Web dev and specialization: Being a unicorn

Nov 04, 2014 | Posted in code, user experience
Poor dead unicorn

Thinkgeek Canned Unicorn Meat, www.thinkgeek.com/product/e5a7/

When is a unicorn not a unicorn?

This fall I attended a UX (user experience) meetup in Seattle. When people asked me what I did for work, I told them I was a full-stack developer with a specialty in UX. (In other words, I do both UX/UI — front-end design — and back-end programming.)

“Oh,” one of the UX designers told me, “you’re a unicorn.”

The first time I’d been called a unicorn was last summer, when I’d guest visited a UX Immersive course at General Assembly (I was teaching a Web Development Immersive there at the time). The UX class had ooh-ed and aah-ed and, I have to admit, it had made me feel kind of special. The more than fifteen years I’d spent as a web designer/developer were being given their props. But I was wrong.

When I was labeled a unicorn at the Seattle meetup, I’d immediately felt as though I didn’t belong there anymore. It was clear this person didn’t consider me a UX colleague. I was a web developer who dabbled in UX.

Then I remembered that the same thing — only the other way around — had happened at the end of the Web Dev Immersive course I’d taught.

At the end of that twelve-week course, I’d made the decision to teach my students some rudimentary UX, which I believe is crucial for all developers to know — in the same way that UX and visual designers should know some rudimentary programming. We need to be able to walk in each other’s shoes. Suddenly, in my students’ eyes, I wasn’t a programmer anymore — I was a front-end person. And for the last two weeks, they were dismissive when I spoke to them about programming. It was an odd way to finish off the course, but I chalked up their reaction to the panic they were feeling about having to go out and find jobs.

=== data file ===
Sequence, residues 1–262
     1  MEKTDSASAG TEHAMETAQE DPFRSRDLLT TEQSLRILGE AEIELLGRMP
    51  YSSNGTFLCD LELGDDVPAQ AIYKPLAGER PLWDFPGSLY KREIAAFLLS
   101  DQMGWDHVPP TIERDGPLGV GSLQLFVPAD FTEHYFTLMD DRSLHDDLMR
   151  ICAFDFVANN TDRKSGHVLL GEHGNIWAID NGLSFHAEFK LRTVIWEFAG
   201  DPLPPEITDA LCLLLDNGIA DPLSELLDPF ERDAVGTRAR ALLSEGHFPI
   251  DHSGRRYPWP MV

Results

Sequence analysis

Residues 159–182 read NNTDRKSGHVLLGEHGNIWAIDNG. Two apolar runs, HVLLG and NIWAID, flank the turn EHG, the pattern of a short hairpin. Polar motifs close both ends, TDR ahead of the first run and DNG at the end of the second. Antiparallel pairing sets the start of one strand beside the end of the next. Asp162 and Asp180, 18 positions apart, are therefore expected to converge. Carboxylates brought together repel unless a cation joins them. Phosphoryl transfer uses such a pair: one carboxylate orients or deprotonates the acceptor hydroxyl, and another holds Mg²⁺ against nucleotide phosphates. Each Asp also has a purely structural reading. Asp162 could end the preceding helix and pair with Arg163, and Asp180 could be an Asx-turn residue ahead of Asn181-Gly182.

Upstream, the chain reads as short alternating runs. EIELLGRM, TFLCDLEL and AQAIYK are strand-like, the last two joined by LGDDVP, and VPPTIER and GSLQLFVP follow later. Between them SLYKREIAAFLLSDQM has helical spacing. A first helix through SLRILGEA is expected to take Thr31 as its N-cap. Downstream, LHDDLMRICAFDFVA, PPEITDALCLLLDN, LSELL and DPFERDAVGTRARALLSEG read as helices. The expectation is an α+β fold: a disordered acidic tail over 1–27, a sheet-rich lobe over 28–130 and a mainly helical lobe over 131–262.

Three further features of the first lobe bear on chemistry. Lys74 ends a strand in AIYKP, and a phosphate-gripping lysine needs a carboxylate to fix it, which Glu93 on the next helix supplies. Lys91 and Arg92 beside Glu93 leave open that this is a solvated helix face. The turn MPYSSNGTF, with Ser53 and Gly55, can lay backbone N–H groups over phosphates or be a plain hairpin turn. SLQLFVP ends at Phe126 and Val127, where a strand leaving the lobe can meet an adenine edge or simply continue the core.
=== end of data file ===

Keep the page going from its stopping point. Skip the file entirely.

Last weekend, however, I was at the yearly Tech Jam in Vermont and ended up talking to a fellow web designer/developer. He asked me what I did and I told him. And he didn’t blink an eye. It didn’t seem at all strange to him that I worked on both the front and back ends of web creation.

Why? Because he was my age — over forty.

Back in the day — say, 1996 to 2006 — the best web creators were expected to be able to do it all. It was a bonus for an employer to be able to hire someone who could design a site and code it, as well as build a solid back end with a database. There was a separation between those who did server work — operations, or dev-ops as it’s now called — but many of us learned how to set up servers, too, myself included.

Why were we so diversely skilled? Because we had to teach ourselves. There were no web design or web development programs in college then. When I taught a college-level UX class in 2002, the term user experience didn’t even exist yet (it was called human-computer interaction). If we wanted to build a website, we had to do it from scratch. And what we didn’t know, we had to figure out.

Of course this is still the case. The name of the game for web creators is learning the latest technology running down the pike. And the web design/dev world has exploded over the past six or seven years.  There are an ever-increasing number of web design and web application frameworks to aid in development for both desktop and mobile.

What’s changed is that many people specialize right off the bat, choosing to learn either design or UX or front-end coding or back-end programming. Which makes sense because that’s how the web education programs are designed. In fact, I recently told a couple of college girls not to worry if they didn’t know both front end and back end — they would learn over time. I told them not to be daunted when they see an ad for a job that lists four different programming languages plus UX expertise. That employer isn’t really looking for all those skills, just a few of them plus a willingness to learn.

And maybe that’s why the term unicorn leaves such a sour taste in people’s mouths, why it’s said with a combination of disbelief and derision. As web creators, we see job listings asking for an impossible skill set, whether our skills range from design to development, or not.

I may be a “unicorn,” but I don’t have all those skills either. And even if I live to be a thousand, I’ll never learn all there is to know in the world of web. Which is one of the reasons why we do it, right? Because it’s ever-changing.

So maybe the next time someone calls me a unicorn I should laugh and proudly say, yes, that I am. But I’m the real sort, not the myth you read about.

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